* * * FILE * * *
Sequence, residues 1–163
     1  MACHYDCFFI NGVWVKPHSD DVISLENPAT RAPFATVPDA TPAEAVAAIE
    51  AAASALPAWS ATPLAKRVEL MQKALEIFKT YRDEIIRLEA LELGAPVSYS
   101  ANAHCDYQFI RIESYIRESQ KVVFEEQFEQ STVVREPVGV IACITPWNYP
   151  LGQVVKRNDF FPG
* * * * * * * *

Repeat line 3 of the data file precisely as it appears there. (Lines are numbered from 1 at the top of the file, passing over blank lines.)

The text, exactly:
    51  AAASALPAWS ATPLAKRVEL MQKALEIFKT YRDEIIRLEA LELGAPVSYS